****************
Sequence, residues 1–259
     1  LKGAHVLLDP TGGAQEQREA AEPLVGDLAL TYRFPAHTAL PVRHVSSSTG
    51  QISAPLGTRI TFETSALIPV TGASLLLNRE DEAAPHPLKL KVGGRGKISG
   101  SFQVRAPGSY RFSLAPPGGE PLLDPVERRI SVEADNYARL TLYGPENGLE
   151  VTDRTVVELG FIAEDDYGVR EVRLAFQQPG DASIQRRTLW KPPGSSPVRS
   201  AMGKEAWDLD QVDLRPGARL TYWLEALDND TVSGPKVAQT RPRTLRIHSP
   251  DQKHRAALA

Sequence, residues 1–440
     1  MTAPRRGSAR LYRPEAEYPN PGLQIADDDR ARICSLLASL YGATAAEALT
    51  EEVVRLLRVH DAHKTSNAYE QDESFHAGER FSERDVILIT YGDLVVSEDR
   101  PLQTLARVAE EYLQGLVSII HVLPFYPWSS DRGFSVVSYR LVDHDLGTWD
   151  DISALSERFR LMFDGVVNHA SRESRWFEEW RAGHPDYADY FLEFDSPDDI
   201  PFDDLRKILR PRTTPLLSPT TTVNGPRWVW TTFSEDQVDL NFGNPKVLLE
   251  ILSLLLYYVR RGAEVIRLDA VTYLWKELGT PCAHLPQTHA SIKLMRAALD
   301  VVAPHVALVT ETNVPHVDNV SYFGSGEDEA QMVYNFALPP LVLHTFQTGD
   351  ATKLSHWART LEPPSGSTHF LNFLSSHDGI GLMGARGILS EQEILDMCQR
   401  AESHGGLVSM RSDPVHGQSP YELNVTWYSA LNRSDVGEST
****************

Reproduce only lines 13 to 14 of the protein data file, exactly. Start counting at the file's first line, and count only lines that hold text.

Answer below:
   201  PFDDLRKILR PRTTPLLSPT TTVNGPRWVW TTFSEDQVDL NFGNPKVLLE
   251  ILSLLLYYVR RGAEVIRLDA VTYLWKELGT PCAHLPQTHA SIKLMRAALD